I ask because the movement is practiced in a way that does not reveal alternate, practical applications, as related to me by my teacher.

(If I recall correctly, this application was used in "Drunken Tai Chi", Donnie Yen's first film, and in that choreography, the application did reflect the way the movement is often practiced, where the needle hand goes almost all the way down to the ground.)

But even the main technique is too subtle for newer practitioners to discern without explication.

  • What is the major application of the Tai Chi technique "Needle to Sea Bottom"?

Also, what are alternate applications?

  • 1
    This is a chin-na technique from white crane, or one of white crane's common ancestors. Nov 17 '20 at 18:12
  • @SteveWeigand Chin-na indeed! Highly effective when applied with waist technique, and off-hand placed on the wrist of the main hand definitely implies this. (I was unaware of the white crane origin, but that totally makes sense.) Hoping someone will explicate that in an answer...
    – DukeZhou
    Nov 18 '20 at 2:23
  • 1
    By the way, this is also a trademark in snake style kung-fu, but snake has kind of died out for the most part. Just bits and pieces survive in more complete styles. Yes, you got it with the other hand placed on the wrist. We used to do this chin-na at Jeff Bolt's kung-fu school in Houston. He learned from Dr. Yang Jwing-Ming (who does white crane, long-fist, and yang style taiji). I always thought this was a fun chin-na. The follow-up high move after that is what you would expect if your opponent is able to raise up. Then you get a standing arm bar to elbow break and throw. Nov 18 '20 at 2:35
  • Dr. Yang wrote many books, including at least 2 on chin-na, and they come highly recommended for the clear way he explicates principles, likely due to his engineering background. Crazy that he doesn't have an English wikipedia page, since he taught in the US for so many years. (His students need to get on that;)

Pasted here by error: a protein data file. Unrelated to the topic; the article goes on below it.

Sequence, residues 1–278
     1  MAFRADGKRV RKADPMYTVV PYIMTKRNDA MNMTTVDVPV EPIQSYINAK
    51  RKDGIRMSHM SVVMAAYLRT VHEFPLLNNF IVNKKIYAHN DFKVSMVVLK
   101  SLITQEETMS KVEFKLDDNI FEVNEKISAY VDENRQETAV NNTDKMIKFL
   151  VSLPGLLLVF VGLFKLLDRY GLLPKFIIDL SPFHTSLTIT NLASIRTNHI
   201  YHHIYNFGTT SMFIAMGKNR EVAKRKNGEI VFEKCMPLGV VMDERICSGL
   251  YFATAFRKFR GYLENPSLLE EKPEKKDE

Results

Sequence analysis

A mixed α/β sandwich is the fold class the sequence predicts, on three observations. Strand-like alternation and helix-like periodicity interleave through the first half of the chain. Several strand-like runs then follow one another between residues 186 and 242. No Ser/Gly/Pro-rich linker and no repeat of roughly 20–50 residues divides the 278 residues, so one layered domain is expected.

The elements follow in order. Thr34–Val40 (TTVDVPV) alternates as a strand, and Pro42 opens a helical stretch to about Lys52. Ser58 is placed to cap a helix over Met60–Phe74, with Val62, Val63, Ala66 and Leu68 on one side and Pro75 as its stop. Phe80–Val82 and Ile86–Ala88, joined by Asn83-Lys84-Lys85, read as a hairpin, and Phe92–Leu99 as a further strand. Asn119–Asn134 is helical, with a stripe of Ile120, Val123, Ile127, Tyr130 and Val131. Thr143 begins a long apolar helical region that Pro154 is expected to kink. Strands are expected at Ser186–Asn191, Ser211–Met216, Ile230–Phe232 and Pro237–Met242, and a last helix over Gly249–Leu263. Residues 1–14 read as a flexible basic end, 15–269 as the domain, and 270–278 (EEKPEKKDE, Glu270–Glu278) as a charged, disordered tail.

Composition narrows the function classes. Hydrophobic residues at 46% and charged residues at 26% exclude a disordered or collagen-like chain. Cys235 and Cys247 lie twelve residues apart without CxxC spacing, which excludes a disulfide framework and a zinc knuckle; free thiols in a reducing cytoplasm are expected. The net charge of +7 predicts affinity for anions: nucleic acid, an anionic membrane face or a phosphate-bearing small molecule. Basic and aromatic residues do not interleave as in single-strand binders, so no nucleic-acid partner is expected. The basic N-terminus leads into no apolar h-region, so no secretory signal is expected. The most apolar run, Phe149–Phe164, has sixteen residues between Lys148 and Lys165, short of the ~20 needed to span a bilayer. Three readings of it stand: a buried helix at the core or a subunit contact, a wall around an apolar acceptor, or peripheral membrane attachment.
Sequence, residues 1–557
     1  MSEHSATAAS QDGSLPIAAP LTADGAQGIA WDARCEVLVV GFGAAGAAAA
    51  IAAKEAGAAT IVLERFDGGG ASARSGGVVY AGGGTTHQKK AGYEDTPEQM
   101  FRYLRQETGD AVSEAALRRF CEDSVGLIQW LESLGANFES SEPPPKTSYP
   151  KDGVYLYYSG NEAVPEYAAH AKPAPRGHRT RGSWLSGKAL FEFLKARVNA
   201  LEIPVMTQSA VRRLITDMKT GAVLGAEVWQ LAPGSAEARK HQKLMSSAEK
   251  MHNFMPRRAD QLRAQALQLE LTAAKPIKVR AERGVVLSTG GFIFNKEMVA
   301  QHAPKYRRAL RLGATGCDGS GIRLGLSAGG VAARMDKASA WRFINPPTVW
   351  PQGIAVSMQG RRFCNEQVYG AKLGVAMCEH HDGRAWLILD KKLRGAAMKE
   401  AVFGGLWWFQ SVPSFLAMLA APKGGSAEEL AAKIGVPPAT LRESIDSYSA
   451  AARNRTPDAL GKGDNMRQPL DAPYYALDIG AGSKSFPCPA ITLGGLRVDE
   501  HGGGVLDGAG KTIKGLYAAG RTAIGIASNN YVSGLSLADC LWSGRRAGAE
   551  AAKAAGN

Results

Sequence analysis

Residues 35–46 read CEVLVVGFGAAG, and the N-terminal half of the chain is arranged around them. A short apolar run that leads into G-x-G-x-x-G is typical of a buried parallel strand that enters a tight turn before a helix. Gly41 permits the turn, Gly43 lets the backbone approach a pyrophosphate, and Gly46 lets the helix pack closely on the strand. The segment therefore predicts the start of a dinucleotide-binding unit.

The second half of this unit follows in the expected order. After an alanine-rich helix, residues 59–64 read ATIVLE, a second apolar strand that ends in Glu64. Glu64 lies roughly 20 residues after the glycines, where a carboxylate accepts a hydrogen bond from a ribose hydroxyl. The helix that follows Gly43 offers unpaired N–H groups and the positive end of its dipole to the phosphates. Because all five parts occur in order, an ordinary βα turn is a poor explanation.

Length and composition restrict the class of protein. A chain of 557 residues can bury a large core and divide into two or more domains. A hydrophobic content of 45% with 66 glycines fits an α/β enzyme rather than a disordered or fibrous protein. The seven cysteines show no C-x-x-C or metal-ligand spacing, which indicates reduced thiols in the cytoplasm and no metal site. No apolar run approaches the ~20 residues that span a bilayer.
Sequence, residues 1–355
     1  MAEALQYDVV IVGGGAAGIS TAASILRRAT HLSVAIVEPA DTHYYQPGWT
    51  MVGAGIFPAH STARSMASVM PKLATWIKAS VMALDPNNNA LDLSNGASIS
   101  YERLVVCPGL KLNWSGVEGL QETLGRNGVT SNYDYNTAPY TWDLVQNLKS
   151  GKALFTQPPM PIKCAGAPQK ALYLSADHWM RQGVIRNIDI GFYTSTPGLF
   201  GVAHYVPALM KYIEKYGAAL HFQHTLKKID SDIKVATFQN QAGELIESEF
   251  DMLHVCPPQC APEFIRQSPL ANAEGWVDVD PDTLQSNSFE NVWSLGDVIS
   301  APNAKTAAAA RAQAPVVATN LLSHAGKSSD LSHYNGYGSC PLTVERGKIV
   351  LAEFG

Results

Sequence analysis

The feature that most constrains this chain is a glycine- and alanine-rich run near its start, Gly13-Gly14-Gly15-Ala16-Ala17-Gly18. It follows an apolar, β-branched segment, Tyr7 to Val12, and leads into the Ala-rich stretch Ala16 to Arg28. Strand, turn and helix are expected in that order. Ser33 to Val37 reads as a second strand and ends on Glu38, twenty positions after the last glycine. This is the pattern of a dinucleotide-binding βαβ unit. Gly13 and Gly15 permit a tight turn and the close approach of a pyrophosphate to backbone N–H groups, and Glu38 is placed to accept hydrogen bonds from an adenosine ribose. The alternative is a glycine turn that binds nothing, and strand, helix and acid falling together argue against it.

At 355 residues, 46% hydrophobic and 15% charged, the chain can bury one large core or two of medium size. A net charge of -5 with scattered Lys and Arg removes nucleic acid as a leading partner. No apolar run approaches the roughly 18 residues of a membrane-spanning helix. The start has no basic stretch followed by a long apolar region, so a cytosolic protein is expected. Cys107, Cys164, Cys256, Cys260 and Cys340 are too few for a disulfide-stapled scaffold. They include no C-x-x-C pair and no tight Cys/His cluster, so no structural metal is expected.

– DukeZhou
    Nov 18 '20 at 2:52
  • 1
    For anyone who's interested - Dr Yang Jwing-Ming has a taichi video on Amazon Prime (accessible from the US at least) - very impressive....
    – Tony D
    Nov 19 '20 at 5:28

My instructor taught us the historical application (as the move is done in the Yang 24 step) is rooted in the fact that soldiers used to carry a dagger on their right hip. By this interpretation, the move brings the right hand to the hip, grabs the knife, raises it, and brings it down on top of the opponent.

EDIT: By request, a video showing the move as done in the Yang 24. Relevant part at about 4:50.


  • 2
    That kind of interpretation is an example of broken transmission. Most people doing taiji these days (99% or so) are doing a form of taiji that's for health, not for martial arts. That leads to speculation about the martial arts meaning. And you'll see all kinds of things people make up. No, it's not about a knife. You don't need an empty hand form to show you that you can grab your knife out and use it. Forms encapsulate ideas and self-defense techniques that were considered important enough to be one of the 20-30 some-odd self defense scenarios in the form. Nov 17 '20 at 18:11